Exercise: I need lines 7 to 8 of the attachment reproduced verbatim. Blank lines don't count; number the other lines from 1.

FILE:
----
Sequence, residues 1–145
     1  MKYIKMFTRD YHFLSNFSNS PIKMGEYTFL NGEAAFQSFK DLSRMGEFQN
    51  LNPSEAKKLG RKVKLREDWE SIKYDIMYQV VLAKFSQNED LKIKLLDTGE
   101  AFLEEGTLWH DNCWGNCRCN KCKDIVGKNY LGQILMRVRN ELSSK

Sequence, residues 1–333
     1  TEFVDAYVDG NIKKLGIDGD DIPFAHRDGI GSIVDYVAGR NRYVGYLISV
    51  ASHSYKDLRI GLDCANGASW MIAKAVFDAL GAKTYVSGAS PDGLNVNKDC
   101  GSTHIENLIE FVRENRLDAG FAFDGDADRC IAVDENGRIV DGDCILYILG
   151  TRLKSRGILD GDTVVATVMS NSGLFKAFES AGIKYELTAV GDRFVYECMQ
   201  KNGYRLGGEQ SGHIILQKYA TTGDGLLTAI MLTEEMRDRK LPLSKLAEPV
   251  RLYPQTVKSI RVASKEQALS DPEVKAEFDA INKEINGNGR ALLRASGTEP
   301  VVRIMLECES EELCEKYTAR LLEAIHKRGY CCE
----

    51  ASHSYKDLRI GLDCANGASW MIAKAVFDAL GAKTYVSGAS PDGLNVNKDC
   101  GSTHIENLIE FVRENRLDAG FAFDGDADRC IAVDENGRIV DGDCILYILG